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Taking the temperature of the Earth: Temperature Variability and Change across all Domains of Earth's Surface | PICO
Convener: Stephan Matthiesen  | Co-Conveners: Frank Goettsche , Nick Rayner 
 / Tue, 29 Apr, 10:30–12:00

The overarching motivation for this session is the need for better understanding of in-situ measurements and satellite observations to quantify surface temperature (ST). The term "surface temperature" encompasses several distinct temperatures that differently characterize even a single place and time on Earth’s surface, as well as encompassing different domains of Earth’s surface (surface air, sea, land, lakes and ice). Different surface temperatures play inter-connected yet distinct roles in the Earth’s surface system, and are observed with different complementary techniques.

There is a clear need and appetite to improve the interaction of scientists across the in-situ/satellite 'divide' and across all domains of Earth's surface. This will accelerate progress in improving the quality of individual observations and the mutual exploitation of different observing systems over a range of applications.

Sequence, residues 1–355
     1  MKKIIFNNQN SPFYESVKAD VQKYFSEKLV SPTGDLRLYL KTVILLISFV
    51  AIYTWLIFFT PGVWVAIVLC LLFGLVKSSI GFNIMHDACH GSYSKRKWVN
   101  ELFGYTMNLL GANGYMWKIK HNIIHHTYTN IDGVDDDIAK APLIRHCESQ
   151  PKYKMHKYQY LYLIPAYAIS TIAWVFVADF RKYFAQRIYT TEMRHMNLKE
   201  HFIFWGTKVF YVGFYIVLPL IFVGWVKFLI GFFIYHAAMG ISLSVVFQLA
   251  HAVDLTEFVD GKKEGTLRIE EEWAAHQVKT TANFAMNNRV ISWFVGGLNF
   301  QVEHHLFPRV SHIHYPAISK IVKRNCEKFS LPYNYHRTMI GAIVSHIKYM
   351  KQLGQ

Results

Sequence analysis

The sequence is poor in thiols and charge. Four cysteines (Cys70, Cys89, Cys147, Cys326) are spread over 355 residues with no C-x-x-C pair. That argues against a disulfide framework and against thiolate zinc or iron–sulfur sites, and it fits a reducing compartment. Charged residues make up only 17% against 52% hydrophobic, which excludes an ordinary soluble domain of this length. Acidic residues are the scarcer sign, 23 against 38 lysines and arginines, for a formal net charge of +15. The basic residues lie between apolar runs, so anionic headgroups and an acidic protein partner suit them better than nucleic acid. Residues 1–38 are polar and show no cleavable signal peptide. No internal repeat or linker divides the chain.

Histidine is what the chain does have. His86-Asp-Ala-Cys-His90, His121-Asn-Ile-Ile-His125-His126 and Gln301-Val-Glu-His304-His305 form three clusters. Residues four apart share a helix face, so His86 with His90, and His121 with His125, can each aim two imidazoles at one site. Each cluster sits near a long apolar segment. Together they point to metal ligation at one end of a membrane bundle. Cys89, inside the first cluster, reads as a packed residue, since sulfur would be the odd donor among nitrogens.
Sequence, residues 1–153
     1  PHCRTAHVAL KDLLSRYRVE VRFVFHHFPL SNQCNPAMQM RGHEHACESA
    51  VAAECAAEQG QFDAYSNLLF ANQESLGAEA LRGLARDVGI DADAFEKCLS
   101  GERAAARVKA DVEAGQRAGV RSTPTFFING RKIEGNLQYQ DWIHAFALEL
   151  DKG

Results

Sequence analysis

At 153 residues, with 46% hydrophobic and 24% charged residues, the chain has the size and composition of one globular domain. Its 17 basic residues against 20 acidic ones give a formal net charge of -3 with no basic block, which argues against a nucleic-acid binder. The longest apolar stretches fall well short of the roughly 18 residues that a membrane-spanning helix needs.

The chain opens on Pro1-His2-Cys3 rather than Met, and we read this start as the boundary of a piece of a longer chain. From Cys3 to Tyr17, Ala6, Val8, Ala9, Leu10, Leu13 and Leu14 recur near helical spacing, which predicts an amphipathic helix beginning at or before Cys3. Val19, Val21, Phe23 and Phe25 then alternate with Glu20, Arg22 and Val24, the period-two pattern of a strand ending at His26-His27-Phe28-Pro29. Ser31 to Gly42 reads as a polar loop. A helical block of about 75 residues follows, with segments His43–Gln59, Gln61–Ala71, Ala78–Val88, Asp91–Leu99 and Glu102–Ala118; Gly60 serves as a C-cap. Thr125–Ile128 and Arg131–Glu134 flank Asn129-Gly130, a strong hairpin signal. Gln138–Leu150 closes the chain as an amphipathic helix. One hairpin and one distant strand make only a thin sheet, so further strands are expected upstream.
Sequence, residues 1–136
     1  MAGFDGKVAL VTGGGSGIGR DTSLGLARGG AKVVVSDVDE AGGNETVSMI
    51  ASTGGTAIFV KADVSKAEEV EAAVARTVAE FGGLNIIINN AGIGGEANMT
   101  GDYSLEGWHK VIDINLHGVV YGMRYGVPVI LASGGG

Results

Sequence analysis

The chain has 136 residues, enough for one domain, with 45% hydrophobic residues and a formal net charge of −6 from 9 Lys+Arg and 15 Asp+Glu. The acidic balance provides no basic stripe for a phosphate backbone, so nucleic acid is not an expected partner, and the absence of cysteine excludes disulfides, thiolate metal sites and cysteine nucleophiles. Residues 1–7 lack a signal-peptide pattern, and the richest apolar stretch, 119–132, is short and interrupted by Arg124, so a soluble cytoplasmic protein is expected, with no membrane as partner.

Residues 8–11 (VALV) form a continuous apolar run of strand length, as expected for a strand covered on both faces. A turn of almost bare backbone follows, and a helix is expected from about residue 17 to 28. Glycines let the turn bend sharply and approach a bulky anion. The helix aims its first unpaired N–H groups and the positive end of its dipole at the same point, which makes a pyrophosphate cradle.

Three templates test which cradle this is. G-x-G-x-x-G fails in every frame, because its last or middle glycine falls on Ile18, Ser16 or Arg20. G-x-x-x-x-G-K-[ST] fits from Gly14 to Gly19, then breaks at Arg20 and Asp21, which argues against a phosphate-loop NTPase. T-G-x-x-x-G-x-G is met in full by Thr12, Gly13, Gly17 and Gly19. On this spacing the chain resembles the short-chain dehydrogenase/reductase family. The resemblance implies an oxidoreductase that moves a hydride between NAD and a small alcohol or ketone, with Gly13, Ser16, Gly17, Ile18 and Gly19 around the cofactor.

This session invites contributions that emphasize sharing knowledge and make connections across different domains and sub-disciplines. They can include, but are not limited to, topics like:

* How to improve remote sensing of ST in different environments
* Challenges from changes of in-situ observing networks over time
* Current understanding of how different types of ST inter-­relate
* Nature of errors and uncertainties in ST observations
* Mutual/integrated quality control between satellite and in-situ observing systems.
* What do users of surface temperature data require in practical applications (like environmental or health sciences)?

Note that our session will be one of the innovative PICO sessions and there will not be the traditional split between oral presentations and poster session. For more details on the format, please see the EGU website; the convener is also happy to answer questions and support presenters.